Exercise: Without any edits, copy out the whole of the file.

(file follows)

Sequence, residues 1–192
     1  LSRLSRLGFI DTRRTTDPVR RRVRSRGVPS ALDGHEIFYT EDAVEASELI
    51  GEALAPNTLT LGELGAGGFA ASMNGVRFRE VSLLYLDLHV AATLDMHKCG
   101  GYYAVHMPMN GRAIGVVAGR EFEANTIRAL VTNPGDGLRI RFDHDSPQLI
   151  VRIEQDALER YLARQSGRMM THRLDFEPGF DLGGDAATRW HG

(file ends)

Sequence, residues 1–192
     1  LSRLSRLGFI DTRRTTDPVR RRVRSRGVPS ALDGHEIFYT EDAVEASELI
    51  GEALAPNTLT LGELGAGGFA ASMNGVRFRE VSLLYLDLHV AATLDMHKCG
   101  GYYAVHMPMN GRAIGVVAGR EFEANTIRAL VTNPGDGLRI RFDHDSPQLI
   151  VRIEQDALER YLARQSGRMM THRLDFEPGF DLGGDAATRW HG